The Kimberly Area School District began their rollout back in 2011 with a single Chromebook cart for one classroom. The next step was to rollout to every fifth grader and they are now steadily progressing through the grades. They quickly found that the initial devices were not durable enough for the younger students, and have since moved to slightly more expensive, but more durable models. The school WiFi is provided by Extreme access points in every classroom. One of the results of the successful implementation is that the teachers love the way the Google apps let them closely track individual student progress.

George Sorrells, the technology director at Winneconne Community School District, describes how his district implemented Chromebooks as a supplement to their BYOD program. The Chromebooks proved so popular, however, that students began to “forget” to bring in their own devices to school just so they could borrow a school-owned Chromebook. George traces the district’s adoption of Chromebooks back to 2010, when they signed up for Google Apps for Education, even before the Chromebooks themselves were available. He recommends that districts work closely with a wireless vendor, as he did with Extreme Networks, to insure the network is all in place first, so they can concentrate on the devices themselves during the rollout. At Winneconne, the Chromebooks have now changed the focus of classrooms from lecture-based to student-centered.

Winneconne Community School District with Chromebooks

Winneconne Community School District began their roll-out with Google Apps for Education, along with Chromebooks for six classrooms. The following year, they brought on a full set of Chromebooks to complement their BYOD program.

Conclusion

The usage of Chromebooks in education will undoubtedly continue to rapidly grow, even into the lower grades as touchscreen versions proliferate. There is now a battle shaping up with Apple; Chromebooks have already over-taken MacsBooks for education.

Phil Maddocks, market analyst at Futuresource, sums up Chromebook cost benefits: “While savings can be made on the cost of the hardware alone, the majority of the cost savings originate from within infrastructure and device management. As Chromebooks are cloud-based devices, the security, device management, and even core content creation apps such as Google Docs are run in the cloud, which reduces the costs of both managing and setting up the devices, as well as software licensing costs.”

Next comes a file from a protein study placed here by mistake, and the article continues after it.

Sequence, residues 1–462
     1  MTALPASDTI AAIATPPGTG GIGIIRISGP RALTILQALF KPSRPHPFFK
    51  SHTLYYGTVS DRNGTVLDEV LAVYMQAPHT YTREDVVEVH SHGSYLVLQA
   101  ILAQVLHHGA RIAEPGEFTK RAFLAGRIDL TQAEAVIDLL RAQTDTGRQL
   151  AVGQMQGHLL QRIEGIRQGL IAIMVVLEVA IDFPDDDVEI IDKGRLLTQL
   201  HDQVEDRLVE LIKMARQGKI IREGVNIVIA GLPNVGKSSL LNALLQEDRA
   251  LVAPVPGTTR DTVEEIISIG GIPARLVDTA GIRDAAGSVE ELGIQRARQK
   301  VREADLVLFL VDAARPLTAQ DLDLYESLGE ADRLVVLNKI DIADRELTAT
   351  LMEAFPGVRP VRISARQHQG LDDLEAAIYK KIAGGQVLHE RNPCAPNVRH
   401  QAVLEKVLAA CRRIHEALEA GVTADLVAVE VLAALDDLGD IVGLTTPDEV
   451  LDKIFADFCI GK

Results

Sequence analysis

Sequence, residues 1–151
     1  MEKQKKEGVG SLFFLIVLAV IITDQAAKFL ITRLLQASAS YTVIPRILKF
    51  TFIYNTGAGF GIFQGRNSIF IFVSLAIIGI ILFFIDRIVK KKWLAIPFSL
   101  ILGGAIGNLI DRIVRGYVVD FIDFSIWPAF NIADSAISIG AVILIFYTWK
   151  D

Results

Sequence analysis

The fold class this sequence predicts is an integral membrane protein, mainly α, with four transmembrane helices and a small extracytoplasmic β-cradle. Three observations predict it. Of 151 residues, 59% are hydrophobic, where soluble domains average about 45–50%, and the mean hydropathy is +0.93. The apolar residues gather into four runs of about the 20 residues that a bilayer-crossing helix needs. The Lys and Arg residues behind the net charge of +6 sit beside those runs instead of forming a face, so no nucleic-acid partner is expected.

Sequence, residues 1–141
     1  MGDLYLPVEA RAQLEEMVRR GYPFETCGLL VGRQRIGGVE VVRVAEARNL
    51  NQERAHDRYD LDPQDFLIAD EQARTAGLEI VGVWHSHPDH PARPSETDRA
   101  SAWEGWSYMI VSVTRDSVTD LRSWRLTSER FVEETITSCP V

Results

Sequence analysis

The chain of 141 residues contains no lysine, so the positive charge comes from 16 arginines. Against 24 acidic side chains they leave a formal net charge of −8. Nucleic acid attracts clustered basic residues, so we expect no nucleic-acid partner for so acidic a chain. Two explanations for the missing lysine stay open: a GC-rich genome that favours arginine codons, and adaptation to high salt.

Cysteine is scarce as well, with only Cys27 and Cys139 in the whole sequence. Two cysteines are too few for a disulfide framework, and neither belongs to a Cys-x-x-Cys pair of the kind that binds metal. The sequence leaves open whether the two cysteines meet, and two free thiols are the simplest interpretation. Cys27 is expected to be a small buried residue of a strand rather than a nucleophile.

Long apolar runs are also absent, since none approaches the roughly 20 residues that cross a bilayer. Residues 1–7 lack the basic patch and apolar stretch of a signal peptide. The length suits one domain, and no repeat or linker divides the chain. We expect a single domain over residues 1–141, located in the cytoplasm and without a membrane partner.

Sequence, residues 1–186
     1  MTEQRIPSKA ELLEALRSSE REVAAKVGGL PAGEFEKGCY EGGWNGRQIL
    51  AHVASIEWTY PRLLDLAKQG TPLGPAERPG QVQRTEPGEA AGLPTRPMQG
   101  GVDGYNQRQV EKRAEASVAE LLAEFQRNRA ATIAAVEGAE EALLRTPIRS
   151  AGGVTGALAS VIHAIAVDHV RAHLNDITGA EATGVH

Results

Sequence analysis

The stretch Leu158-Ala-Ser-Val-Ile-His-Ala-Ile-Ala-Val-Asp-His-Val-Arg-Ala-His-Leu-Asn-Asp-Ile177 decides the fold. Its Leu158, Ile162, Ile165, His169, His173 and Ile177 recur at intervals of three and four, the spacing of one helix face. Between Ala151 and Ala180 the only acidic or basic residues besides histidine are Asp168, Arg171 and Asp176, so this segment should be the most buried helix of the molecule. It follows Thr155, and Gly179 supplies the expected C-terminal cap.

Most importantly for education, Chromebooks and Google Apps for Education, in conjunction with high quality networking from Extreme Networks, are creating a more personalized education environment.

For support from others involved in Chromebooks for education, be sure to follow the Chromebook forums, Google+ communities, and twitter hashtag #chromebookEDU. It helps to have Google-certified teachers or trainers in the district, as they have access to restricted online forums.

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Photo at top of blog shows students at Winneconne Community School District using Chromebooks for school work and collaboration.

Implementing Chromebooks for Innovative K-12 Learning and Assessment

About The Contributor:
Bob NilssonDirector of Vertical Solutions Marketing

Bob Nilsson is the director of vertical solutions marketing at Extreme Networks. In this role, Mr. Nilsson leads the Extreme Networks strategy and programs for vertical markets including Healthcare, Higher Education, K-12 Education, Federal Government, and Hospitality. He has over 30 years of experience in marketing IT systems to Global 1000 companies worldwide. Before joining Extreme Networks Bob was VP Marketing at Clear Methods. Prior to that Bob held senior marketing positions at Digital Equipment and HP. Bob holds an SB degree in EE from MIT and MBA from Columbia Business School.